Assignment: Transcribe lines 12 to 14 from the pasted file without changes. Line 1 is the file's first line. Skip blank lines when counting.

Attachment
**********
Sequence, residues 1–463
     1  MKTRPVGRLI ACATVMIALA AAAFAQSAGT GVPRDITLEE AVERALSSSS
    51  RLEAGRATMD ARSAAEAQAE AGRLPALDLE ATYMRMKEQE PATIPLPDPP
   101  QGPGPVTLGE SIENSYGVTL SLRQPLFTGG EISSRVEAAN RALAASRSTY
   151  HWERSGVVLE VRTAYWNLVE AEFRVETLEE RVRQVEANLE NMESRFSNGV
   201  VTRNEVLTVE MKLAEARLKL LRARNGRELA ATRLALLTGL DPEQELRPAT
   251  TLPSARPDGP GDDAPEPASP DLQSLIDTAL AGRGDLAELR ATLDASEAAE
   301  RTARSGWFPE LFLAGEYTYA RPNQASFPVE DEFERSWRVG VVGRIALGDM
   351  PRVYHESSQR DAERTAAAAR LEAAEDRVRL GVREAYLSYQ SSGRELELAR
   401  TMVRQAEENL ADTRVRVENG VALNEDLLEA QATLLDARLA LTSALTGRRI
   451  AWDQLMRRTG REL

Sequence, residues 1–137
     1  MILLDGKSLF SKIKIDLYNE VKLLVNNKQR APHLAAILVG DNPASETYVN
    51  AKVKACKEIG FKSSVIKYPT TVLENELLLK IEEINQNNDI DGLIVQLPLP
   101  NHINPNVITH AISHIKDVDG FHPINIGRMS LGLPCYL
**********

Sequence, residues 1–137
     1  MILLDGKSLF SKIKIDLYNE VKLLVNNKQR APHLAAILVG DNPASETYVN
    51  AKVKACKEIG FKSSVIKYPT TVLENELLLK IEEINQNNDI DGLIVQLPLP